Logo law and pluralism
Logo Università Bicocca

Baldassi and Others v. France, Nos. 15271/16 and other 6, ECtHR (Fifth Section), 11 June 2020

Type Judgment
Case number 15271/16, 15280/16, 15282/16, 15286/16, 15724/16, 15842/16, 16207/16


Militant action to boycott products from Israel considered as a discriminatory crime without relevant and sufficient reasons. Violation of the right to freedom of expression.

Normative references

Art. 10 ECHR


1. The call for a boycott constitutes a particular method of exercising freedom of expression in that it combines the expression of a protesting opinion and the incitement to differential treatment so that, depending on the circumstances, it is likely to constitute a call to discrimination. However, the call to discriminate is part of the call to intolerance, which, along with the call to violence and the call to hatred, is one of the limits that should not be overcome under any circumstances in the context of the exercise of freedom of expression. Nevertheless, inciting to treat differently does not necessarily amount to inciting discrimination.

2. By its nature, political discourse is a source of polemics and is often virulent. It remains nonetheless of public interest, unless it degenerates into a call for violence, hate, or intolerance. The Court has pointed out on numerous occasions that Article 10 § 2 leaves little room for restrictions on freedom of expression in the field of political speech or matters of general interest.
(The eleven applicants complained about the limitation to their freedom of expression under article 10. They were acquitted at first instance, but then condemned on appeal for incitement to discrimination for urging customers in a supermarket not to purchase products imported from Israel in support of the of the international campaign ‘Boycott, Divestment and Sanctions’ (BDS). The ECtHR found a violation of article 10. While the interference had been prescribed by the law with the legitimate aim of protecting the rights of others, the Court did not deem it necessary in a democratic society since the reasons underlying it had been irrelevant and insufficient).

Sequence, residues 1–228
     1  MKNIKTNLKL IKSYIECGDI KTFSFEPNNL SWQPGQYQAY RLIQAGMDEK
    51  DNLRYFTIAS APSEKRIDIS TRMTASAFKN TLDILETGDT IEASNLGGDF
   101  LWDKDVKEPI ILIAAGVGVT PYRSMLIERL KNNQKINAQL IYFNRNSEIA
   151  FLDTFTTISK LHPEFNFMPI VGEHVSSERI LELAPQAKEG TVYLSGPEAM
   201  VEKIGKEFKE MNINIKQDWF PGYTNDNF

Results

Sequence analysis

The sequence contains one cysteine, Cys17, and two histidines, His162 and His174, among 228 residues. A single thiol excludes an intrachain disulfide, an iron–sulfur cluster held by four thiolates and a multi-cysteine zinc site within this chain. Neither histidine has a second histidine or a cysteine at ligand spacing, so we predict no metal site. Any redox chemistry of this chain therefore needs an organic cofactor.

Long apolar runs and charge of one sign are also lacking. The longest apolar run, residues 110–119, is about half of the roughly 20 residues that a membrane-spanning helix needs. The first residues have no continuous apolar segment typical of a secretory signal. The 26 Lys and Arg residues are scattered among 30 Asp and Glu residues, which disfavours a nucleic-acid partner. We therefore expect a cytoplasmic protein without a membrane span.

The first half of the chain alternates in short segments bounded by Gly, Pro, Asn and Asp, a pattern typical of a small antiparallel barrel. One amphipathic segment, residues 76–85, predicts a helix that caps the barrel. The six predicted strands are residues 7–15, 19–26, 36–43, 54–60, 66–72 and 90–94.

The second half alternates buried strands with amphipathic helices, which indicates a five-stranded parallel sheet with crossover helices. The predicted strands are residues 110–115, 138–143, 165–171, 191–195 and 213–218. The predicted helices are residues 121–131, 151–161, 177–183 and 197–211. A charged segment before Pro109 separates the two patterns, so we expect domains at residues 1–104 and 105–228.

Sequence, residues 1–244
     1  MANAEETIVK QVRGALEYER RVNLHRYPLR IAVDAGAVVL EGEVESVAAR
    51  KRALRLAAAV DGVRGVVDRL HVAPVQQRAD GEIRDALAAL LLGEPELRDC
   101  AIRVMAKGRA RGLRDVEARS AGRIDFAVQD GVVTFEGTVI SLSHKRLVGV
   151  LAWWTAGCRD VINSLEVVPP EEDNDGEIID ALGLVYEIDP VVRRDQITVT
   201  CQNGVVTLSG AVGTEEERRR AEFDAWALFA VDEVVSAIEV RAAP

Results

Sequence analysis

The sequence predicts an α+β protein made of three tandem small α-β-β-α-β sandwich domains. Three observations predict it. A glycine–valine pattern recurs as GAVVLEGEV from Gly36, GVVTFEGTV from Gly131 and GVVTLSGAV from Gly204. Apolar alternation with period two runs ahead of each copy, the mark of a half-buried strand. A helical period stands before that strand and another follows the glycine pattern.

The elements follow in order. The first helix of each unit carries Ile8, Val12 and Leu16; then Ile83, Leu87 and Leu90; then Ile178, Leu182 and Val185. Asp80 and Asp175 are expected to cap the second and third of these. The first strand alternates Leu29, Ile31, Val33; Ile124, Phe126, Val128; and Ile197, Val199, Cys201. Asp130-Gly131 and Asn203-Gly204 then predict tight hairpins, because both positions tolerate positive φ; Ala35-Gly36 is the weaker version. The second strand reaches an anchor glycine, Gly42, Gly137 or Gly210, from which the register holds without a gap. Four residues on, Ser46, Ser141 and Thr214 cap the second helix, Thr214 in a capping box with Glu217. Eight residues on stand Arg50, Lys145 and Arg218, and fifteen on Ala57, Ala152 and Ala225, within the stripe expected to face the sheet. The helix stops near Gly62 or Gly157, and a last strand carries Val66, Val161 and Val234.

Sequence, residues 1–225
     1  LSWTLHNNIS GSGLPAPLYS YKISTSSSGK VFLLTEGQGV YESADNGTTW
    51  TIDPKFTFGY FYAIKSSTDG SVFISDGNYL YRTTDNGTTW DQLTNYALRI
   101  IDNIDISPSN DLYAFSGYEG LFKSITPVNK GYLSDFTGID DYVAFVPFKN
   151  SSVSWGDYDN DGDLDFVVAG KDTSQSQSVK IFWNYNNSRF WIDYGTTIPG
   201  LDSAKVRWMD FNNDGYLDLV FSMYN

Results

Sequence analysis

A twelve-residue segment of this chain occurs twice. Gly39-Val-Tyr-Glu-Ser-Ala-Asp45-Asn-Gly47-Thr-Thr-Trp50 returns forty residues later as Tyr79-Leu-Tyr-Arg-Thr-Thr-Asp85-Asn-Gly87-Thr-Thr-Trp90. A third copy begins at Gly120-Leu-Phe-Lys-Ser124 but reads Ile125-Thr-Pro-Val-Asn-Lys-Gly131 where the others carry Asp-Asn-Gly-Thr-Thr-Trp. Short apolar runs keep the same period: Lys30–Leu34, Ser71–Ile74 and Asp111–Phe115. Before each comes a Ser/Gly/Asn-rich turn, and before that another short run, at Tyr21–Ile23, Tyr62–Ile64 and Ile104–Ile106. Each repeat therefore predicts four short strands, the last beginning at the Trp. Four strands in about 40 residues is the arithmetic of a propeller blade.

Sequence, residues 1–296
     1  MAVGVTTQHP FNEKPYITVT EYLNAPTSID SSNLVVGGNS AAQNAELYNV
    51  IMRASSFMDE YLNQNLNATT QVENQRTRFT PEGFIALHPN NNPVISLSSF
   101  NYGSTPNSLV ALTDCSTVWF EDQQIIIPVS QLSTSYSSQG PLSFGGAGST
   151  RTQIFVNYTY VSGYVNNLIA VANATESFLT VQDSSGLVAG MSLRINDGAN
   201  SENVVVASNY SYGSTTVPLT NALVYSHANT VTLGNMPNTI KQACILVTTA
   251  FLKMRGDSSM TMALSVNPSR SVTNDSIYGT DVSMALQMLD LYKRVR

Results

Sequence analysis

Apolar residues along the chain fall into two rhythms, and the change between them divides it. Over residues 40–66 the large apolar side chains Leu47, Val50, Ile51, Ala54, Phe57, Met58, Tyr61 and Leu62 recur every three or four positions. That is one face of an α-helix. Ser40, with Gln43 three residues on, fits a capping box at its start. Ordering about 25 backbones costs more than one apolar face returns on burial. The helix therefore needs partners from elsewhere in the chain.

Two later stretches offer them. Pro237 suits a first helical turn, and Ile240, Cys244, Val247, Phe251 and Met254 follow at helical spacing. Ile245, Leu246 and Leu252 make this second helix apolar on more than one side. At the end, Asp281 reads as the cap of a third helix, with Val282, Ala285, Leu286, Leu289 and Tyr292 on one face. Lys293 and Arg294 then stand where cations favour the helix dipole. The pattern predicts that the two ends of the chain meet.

The applicants complained also about the violation of article 7 (nullum crimen sine lege). The Court did not find any breach in that regard. Although the subsection of the law in question did not explicitly condemn incitement to economic discrimination, covered by a different subsection, the applicants ought to have foreseen their conviction for their call to boycott products imported from Israel, given the Court of Appeal’s and the Court of Cassation’s case-law on similar acts.